We all know breast feeding is best for both term and preterm infants. It reduces the chances of NEC and improves a range of other outcomes, most importantly the brain. This new study provides interesting information from a group of preterm infants in Australia (Victorian birth cohort) and looked at the number of days, in the first month of life, when they received more than 50% of their intake as breast milk. They then looked at the child's IQ outcomes (including maths, reading, reasoning skills etc.) at age 7 years and found a consistent association. Importantly the analysis is adjusted for other factors - we know that social class, and neonatal illness (NEC, BPD etc.) will affect your IQ outcomes, so they adjust for this (in effect try to 'cancel out' that bias) in the analyses. Of course, in any observational study there is a risk of residual confounding, but this appears to be yet more information supporting the longer term benefits of breast milk exposure in just the first 4 weeks of life.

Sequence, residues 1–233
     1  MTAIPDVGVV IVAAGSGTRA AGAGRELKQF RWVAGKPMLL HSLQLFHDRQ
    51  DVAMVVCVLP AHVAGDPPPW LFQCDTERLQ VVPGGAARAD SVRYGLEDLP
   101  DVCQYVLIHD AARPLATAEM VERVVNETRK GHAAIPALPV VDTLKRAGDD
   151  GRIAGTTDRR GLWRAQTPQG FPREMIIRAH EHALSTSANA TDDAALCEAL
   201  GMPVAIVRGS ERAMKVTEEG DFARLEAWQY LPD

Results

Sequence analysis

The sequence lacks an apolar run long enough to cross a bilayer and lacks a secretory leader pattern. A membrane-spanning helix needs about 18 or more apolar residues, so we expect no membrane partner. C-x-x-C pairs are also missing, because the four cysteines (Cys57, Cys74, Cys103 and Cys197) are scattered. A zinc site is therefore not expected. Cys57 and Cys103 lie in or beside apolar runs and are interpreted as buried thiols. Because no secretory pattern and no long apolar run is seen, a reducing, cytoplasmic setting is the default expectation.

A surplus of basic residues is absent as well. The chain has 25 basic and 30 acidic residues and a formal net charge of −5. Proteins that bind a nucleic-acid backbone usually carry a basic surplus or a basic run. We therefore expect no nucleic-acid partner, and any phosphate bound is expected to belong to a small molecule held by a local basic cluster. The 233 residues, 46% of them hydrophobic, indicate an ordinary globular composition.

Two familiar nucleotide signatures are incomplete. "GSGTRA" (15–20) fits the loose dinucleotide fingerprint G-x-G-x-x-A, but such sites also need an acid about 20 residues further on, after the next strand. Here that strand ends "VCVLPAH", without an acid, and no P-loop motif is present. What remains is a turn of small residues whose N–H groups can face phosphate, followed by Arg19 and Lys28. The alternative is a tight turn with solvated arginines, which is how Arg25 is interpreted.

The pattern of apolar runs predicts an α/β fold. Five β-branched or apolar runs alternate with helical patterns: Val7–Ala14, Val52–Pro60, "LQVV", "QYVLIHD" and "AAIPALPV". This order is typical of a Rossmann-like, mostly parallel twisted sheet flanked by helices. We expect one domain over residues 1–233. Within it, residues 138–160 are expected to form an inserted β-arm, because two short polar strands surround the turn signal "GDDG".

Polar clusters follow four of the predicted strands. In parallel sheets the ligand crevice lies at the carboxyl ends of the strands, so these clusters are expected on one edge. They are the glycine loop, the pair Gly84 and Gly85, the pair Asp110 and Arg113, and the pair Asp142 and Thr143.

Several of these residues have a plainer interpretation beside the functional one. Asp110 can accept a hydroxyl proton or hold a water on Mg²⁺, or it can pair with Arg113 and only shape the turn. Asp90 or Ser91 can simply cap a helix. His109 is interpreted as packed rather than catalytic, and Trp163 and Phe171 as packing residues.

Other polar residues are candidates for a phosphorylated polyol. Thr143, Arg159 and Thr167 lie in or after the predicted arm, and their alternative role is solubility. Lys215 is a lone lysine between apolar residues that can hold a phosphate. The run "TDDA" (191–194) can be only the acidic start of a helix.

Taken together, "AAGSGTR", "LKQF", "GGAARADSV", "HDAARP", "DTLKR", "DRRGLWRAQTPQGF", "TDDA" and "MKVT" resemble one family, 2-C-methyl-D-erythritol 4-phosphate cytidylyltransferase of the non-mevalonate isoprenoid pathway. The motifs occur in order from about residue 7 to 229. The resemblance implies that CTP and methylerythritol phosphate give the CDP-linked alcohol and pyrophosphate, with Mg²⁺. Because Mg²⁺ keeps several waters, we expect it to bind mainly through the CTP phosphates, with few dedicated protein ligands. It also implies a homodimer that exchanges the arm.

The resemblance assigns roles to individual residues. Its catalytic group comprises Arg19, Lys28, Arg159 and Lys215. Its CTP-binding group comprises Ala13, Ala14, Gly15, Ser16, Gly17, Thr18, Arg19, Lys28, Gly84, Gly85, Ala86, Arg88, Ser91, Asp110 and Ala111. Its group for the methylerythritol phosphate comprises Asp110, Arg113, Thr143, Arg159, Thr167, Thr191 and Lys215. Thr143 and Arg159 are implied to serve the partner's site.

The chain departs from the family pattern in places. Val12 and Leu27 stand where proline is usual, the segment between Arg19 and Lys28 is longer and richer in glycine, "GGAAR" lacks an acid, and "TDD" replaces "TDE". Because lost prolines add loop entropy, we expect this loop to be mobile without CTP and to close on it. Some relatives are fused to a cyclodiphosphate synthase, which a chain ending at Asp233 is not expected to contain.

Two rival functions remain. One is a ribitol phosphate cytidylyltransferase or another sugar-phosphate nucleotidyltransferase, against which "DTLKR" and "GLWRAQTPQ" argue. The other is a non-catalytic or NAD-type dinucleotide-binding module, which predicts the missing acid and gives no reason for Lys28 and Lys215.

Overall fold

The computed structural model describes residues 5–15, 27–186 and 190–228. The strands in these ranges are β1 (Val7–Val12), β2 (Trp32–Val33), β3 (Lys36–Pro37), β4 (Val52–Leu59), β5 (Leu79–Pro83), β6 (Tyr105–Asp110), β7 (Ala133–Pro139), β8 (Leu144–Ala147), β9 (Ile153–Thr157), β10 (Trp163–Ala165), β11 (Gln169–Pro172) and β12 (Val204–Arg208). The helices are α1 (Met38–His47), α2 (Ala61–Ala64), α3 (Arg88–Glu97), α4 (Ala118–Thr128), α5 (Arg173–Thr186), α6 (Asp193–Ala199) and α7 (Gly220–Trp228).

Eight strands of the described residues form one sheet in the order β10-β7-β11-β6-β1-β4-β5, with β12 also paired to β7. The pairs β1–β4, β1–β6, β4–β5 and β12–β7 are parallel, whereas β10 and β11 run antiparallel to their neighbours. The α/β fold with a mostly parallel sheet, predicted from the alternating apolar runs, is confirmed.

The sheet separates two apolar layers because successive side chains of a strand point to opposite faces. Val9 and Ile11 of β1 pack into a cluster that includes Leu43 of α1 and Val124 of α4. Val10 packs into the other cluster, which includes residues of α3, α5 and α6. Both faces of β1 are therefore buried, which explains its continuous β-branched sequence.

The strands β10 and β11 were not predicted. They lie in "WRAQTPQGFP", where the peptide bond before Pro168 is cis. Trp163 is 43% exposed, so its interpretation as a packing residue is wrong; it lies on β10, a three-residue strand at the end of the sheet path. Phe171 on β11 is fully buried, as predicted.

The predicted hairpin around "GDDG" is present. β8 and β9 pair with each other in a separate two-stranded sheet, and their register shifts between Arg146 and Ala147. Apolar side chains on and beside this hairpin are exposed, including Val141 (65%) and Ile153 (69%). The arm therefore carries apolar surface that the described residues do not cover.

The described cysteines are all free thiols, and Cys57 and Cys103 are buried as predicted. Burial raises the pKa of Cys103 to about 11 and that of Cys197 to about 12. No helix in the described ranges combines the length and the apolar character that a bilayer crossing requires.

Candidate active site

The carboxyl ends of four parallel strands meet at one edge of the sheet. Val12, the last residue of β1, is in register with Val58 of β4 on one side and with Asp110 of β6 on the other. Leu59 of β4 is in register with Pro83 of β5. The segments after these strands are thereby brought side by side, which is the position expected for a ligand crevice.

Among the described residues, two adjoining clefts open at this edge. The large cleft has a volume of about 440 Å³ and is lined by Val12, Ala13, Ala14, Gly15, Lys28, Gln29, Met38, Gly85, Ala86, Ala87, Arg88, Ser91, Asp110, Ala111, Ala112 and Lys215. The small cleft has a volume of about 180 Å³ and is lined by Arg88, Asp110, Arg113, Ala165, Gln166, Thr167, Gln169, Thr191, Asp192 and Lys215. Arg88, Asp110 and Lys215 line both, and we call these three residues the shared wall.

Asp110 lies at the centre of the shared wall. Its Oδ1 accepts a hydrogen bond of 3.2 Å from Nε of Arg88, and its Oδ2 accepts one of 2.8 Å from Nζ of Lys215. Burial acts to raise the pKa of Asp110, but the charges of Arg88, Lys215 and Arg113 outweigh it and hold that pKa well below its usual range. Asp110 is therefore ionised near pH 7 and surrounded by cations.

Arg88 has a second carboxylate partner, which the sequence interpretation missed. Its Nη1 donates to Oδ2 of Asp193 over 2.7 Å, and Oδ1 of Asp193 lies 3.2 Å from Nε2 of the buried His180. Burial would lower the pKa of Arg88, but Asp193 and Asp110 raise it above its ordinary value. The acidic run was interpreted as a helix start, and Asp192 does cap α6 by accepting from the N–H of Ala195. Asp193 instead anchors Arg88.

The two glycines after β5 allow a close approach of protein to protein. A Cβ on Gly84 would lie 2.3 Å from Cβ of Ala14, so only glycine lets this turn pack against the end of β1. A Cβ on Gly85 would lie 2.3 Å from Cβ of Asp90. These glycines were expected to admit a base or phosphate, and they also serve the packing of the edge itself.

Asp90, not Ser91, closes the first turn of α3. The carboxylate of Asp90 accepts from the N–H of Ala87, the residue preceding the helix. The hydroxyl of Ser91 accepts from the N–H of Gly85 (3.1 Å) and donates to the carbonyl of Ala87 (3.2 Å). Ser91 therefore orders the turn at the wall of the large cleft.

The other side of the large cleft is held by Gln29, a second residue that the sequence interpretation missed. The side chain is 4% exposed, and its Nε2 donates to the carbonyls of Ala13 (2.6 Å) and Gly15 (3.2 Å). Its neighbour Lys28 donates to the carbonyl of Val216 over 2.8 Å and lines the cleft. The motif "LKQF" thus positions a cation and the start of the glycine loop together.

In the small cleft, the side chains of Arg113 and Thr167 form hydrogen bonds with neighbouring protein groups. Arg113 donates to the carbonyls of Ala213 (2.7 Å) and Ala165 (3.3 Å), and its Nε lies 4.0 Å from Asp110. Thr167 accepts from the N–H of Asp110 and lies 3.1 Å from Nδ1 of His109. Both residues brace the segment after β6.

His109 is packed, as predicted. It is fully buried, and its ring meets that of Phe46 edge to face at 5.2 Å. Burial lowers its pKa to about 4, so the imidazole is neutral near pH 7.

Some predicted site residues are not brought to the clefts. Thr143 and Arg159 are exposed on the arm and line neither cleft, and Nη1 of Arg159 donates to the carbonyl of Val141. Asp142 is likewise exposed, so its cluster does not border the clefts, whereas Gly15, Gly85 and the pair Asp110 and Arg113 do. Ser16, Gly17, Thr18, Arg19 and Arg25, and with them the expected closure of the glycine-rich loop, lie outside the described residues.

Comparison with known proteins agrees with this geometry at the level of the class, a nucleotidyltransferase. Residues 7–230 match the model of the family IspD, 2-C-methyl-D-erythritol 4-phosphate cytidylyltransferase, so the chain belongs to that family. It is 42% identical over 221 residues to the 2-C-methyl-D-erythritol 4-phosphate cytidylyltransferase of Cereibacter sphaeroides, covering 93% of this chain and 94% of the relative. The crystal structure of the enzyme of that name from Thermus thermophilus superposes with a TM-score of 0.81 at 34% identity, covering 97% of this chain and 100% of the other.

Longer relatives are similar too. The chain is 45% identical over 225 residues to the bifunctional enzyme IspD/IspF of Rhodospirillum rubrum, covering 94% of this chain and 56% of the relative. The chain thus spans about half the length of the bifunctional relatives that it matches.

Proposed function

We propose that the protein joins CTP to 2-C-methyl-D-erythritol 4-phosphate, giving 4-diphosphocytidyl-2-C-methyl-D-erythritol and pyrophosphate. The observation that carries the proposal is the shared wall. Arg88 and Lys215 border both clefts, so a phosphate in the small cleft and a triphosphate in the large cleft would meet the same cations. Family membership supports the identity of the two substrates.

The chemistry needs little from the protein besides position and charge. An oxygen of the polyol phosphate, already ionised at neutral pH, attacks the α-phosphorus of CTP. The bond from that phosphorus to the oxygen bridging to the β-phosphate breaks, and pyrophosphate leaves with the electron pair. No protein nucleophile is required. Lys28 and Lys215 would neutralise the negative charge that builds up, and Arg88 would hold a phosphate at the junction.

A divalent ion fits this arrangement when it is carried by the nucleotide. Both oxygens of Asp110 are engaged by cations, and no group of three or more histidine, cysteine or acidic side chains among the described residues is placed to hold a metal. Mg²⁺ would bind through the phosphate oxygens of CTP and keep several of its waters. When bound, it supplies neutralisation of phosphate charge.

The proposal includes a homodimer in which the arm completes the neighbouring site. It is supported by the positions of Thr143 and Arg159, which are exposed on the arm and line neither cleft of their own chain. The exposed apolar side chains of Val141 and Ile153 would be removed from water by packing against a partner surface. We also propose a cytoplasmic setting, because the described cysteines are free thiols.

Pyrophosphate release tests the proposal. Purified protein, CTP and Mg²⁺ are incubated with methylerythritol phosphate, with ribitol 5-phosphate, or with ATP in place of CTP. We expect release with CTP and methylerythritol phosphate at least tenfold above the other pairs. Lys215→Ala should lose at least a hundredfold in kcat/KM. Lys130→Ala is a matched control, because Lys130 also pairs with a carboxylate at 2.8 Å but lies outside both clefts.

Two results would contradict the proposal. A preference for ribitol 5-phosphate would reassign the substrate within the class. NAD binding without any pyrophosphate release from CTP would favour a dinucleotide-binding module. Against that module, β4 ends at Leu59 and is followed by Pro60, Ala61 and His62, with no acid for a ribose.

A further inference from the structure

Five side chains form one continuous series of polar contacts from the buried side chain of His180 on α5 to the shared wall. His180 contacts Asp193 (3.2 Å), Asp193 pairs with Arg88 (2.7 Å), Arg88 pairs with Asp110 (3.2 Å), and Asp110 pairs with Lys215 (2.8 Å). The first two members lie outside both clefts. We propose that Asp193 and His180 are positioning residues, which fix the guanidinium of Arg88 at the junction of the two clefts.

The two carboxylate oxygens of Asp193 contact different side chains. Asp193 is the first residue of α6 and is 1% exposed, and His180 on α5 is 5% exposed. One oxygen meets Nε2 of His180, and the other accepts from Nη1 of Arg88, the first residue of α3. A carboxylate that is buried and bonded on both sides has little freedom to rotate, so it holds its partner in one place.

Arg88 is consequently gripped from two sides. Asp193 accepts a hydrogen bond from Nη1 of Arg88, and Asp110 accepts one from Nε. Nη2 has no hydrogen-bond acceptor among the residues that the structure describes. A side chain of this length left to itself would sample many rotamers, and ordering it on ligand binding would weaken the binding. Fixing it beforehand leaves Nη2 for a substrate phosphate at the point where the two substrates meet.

- Breast Milk Feeding, Brain Development, and Neurocognitive Outcomes: A 7-Year Longitudinal Study in Infants Born at Less Than 30 Weeks' Gestation. Belfort, Mandy B. et al. The Journal of Pediatrics , Volume 177 , 133 - 139.e1